Quick Stats

Quick Stats

    You are here

    There are three federal initiatives currently underway that will definitely impact gasoline and diesel retailers: new ground-level ozone standards, E15 and climate legislation.

    There are three federal initiatives currently underway that will definitely impact gasoline and diesel retailers: new ground-level ozone standards, E15 and climate legislation.

    State governments are required to take action when ground-level ozone (smog) standards are made more stringent by the Environmental Protection Agency (EPA). History tells us states usually implement new restrictions on gas, and these often addcosts and disrupt the retail marketplace. The most common action is for a state to expand areas required to sell reformulated gasoline (RFG), and RFG can create marketplace problems.

    There are currently more than 600 U.S. counties classified by the EPA as being in non-attainment of national air quality standards, and many of these are areas where retailers now must sell RFG. In the last year of the Bush administration, the EPA adopted tighter ground-level ozone rules, which will certainly push more counties towards RFG.

    As these new regulations were adopted in 2008, many environmental groups protested, claiming the new standards were not stringent enough, and the Obama administration now agrees with these environmental groups. The administration decided to tighten the rules even more, which could add a bunch of new counties to the RFG rolls. If adopted, the new EPA rules will force a previously unthinkable expansion of RFG markets, and it is likely that southern states will be hit the hardest.

    The second initiative of concern to retailers is E15. It now appears likely the EPA will approve, in limited circumstances, the sale and distribution of gasoline with 15 percent ethanol. EPA Administrator Lisa Jackson indicated it will likely approve E15for automobiles and light duty trucks manufactured after 2001, and the approval could happen as early as August 2010.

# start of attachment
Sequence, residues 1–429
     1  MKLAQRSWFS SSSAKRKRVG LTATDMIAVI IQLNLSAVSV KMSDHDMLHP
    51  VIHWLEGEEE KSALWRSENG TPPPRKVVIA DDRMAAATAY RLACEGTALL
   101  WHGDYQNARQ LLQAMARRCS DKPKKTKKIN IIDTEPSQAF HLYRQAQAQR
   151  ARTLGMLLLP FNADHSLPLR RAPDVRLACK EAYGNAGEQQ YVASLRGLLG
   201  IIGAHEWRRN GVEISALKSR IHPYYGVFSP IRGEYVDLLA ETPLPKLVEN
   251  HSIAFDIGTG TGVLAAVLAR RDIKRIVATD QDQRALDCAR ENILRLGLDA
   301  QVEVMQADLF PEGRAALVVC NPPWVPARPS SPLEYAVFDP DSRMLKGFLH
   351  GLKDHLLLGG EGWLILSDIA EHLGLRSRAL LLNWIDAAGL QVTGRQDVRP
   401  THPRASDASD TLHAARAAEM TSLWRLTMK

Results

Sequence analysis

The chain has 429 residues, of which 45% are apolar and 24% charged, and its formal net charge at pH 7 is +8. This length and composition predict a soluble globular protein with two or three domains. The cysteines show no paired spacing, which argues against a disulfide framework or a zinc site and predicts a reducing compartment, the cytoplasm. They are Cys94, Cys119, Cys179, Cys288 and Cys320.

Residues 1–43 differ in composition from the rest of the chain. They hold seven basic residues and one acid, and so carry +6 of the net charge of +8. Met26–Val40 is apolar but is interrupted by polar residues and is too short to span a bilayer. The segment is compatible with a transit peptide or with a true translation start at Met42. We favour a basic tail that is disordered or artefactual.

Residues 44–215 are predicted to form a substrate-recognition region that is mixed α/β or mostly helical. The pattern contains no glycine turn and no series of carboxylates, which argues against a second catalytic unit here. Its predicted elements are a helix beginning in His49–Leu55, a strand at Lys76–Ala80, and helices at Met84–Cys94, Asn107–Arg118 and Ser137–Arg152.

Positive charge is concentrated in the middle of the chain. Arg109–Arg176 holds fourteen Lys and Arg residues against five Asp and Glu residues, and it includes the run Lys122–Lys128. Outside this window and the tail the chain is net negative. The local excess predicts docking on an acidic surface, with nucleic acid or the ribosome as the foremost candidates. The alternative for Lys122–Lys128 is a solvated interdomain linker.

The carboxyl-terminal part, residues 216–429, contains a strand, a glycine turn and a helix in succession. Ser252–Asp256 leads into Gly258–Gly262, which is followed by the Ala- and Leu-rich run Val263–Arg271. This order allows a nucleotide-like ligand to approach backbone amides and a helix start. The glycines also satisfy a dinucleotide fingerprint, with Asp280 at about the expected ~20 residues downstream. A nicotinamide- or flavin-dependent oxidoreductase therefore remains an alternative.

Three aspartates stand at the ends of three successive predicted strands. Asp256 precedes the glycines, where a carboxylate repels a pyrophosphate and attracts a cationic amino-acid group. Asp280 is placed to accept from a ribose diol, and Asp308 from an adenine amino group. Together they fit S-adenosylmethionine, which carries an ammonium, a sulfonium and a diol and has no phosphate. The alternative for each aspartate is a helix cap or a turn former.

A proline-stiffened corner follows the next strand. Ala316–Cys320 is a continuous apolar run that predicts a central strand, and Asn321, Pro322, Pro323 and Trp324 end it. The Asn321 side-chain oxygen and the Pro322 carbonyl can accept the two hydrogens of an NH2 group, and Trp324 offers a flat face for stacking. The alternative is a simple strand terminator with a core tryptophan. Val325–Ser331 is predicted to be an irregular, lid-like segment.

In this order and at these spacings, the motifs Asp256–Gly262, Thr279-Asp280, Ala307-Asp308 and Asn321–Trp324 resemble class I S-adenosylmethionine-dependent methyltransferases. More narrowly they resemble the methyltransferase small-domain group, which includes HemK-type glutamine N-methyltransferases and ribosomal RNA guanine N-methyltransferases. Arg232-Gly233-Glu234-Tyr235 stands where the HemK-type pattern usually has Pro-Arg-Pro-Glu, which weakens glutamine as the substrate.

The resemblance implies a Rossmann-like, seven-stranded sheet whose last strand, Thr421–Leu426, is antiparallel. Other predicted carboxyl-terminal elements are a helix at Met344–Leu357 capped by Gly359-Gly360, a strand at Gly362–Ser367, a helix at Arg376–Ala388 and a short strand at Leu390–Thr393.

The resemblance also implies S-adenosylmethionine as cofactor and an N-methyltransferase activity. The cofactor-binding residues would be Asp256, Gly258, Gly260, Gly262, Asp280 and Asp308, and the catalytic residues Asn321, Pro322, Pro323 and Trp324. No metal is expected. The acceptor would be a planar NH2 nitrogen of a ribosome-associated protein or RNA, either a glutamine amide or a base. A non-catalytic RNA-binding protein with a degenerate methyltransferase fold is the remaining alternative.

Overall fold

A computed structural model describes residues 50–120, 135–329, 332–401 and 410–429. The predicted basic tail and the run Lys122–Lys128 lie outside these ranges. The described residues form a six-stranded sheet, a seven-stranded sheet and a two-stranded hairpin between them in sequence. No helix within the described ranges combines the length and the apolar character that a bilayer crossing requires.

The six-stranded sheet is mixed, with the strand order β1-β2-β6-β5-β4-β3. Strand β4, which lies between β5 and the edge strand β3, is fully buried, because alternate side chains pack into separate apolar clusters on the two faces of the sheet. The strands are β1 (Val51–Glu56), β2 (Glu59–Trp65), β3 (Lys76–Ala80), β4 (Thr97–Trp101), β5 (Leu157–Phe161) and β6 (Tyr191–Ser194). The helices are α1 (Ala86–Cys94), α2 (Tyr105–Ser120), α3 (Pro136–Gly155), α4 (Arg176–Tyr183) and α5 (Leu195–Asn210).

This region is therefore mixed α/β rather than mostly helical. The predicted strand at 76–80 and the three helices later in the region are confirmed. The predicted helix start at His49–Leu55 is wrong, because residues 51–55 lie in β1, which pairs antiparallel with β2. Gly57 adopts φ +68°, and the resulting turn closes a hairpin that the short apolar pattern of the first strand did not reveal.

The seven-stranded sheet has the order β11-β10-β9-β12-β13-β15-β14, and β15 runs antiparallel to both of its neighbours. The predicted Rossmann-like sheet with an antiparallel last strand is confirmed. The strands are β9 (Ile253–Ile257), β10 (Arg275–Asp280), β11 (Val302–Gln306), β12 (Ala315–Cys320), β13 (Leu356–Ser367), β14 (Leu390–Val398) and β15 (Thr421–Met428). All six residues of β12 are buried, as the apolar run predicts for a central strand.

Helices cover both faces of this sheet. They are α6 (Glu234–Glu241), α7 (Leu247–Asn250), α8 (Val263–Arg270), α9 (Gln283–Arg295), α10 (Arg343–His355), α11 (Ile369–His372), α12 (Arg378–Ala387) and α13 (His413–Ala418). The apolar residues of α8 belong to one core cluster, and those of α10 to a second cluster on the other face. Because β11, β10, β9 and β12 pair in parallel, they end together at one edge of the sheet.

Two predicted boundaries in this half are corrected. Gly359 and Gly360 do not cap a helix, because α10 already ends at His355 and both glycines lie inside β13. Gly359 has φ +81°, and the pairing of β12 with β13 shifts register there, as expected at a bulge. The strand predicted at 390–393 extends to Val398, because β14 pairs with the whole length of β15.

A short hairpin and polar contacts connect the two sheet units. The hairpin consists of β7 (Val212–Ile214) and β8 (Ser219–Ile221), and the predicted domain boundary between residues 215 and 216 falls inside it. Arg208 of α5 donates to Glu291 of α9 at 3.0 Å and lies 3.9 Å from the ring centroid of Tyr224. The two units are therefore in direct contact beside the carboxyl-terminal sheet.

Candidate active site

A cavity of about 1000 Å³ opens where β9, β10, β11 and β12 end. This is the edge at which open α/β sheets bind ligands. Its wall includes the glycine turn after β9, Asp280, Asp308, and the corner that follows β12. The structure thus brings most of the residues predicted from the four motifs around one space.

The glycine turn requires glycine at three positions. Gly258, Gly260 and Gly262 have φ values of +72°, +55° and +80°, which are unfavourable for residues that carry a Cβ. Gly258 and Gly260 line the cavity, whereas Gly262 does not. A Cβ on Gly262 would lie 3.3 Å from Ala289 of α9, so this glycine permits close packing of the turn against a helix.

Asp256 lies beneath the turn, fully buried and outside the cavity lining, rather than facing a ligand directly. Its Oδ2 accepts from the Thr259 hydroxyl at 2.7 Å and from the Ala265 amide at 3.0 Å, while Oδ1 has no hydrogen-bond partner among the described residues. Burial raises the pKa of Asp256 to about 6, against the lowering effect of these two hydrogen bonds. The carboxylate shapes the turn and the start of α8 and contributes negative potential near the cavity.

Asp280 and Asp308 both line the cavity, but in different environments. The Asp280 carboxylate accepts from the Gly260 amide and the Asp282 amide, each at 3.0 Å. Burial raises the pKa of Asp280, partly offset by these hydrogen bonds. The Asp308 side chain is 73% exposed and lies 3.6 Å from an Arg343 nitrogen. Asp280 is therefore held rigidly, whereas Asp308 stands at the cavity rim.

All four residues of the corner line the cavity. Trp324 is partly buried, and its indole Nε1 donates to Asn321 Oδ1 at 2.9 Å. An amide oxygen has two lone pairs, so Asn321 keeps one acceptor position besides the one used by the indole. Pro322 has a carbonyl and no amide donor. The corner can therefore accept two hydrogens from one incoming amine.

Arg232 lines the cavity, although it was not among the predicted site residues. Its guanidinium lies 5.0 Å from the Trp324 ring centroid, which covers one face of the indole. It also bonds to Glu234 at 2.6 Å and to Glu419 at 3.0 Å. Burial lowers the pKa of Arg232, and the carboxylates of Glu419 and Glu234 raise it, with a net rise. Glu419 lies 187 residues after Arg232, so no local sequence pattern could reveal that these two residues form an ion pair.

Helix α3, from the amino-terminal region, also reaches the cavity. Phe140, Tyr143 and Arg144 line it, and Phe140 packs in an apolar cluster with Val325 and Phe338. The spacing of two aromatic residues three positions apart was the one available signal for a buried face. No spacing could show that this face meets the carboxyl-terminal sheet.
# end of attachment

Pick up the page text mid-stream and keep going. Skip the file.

As retailers learn about E15, they certainly must question how this could ever work. It is important to note the EPA will not require E15 to be offered for sale, but only that retailers can sell it if they want to for use in newer vehicles.

    PMAA's Alternative Fuels Task Force has worked hard to plan for and anticipate the myriad challenges retailers will face if they decide to offer E15. One of the greatest barriers will be infrastructure restrictions.Currently, there are no gasoline dispensers in use that have been third-party (UL) certified for E15. Most dispensers in use today have only been certified for the use of ethanol up to 10 percent. Additionally, questions arise about underground storage tanks and piping, and it is also likely those items have not been certified for mid-level ethanol use.

    So, it will really boil down to financial incentives. Will the E15 financial incentives for retailers justify the risks or costs that must be taken? There will be mis-fueling, legal and other liability risks. There will be infrastructure upgrading or replacement costs. PMAA is urging Congress to ease those risks for retailers, but there is significant resistance. In the interim, when the EPA approves E15, its use will depend on financial incentives. Will the retail financial benefits exceed the risks and costs?

    The third initiative is climate legislation. Many politicians believe carbon dioxide emissions from fossil fuels are contributing to climate change, and as a result, the Obama administration and congressional leaders want to reduce gasoline and diesel consumption by 20 percent by 2020. Retailers who have suffered through this recession fully understand the consequences of loss volume, and a 20-percent loss in volume cannot be made up with renewable fuels in the near future. Therefore $5 gasoline is on the horizon if climate legislation is enacted. Dan Gilligan began service as PMAA president in 1998 and has 30 years of experience as a lobbyist and association executive. He earned and maintains his certification as a Certified Association Executive (CAE), which is awarded by the American Society of Association Executives.

    • About

    Related Content

    Related Content